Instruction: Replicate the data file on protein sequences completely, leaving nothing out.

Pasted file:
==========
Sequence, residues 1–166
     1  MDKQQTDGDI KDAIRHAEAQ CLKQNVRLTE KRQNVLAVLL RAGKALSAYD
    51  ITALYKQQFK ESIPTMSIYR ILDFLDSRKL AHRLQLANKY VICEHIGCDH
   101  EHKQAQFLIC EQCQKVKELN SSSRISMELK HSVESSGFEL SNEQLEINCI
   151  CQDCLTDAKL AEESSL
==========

Sequence, residues 1–166
     1  MDKQQTDGDI KDAIRHAEAQ CLKQNVRLTE KRQNVLAVLL RAGKALSAYD
    51  ITALYKQQFK ESIPTMSIYR ILDFLDSRKL AHRLQLANKY VICEHIGCDH
   101  EHKQAQFLIC EQCQKVKELN SSSRISMELK HSVESSGFEL SNEQLEINCI
   151  CQDCLTDAKL AEESSL